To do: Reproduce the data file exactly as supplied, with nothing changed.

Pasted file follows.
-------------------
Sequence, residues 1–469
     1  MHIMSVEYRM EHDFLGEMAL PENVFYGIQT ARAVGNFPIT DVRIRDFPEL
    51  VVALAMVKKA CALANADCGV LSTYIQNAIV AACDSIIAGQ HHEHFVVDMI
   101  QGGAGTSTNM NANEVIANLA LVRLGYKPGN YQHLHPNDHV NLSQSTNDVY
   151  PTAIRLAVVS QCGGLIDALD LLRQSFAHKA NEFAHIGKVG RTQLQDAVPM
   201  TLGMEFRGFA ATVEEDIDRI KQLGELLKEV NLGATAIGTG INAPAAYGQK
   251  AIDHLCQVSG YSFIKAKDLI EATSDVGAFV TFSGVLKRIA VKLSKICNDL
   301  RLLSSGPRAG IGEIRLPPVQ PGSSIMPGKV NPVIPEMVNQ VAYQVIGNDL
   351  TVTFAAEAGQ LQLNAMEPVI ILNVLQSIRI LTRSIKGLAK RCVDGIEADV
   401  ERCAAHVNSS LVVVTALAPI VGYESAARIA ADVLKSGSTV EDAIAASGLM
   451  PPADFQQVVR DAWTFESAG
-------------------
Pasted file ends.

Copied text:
Sequence, residues 1–469
     1  MHIMSVEYRM EHDFLGEMAL PENVFYGIQT ARAVGNFPIT DVRIRDFPEL
    51  VVALAMVKKA CALANADCGV LSTYIQNAIV AACDSIIAGQ HHEHFVVDMI
   101  QGGAGTSTNM NANEVIANLA LVRLGYKPGN YQHLHPNDHV NLSQSTNDVY
   151  PTAIRLAVVS QCGGLIDALD LLRQSFAHKA NEFAHIGKVG RTQLQDAVPM
   201  TLGMEFRGFA ATVEEDIDRI KQLGELLKEV NLGATAIGTG INAPAAYGQK
   251  AIDHLCQVSG YSFIKAKDLI EATSDVGAFV TFSGVLKRIA VKLSKICNDL
   301  RLLSSGPRAG IGEIRLPPVQ PGSSIMPGKV NPVIPEMVNQ VAYQVIGNDL
   351  TVTFAAEAGQ LQLNAMEPVI ILNVLQSIRI LTRSIKGLAK RCVDGIEADV
   401  ERCAAHVNSS LVVVTALAPI VGYESAARIA ADVLKSGSTV EDAIAASGLM
   451  PPADFQQVVR DAWTFESAG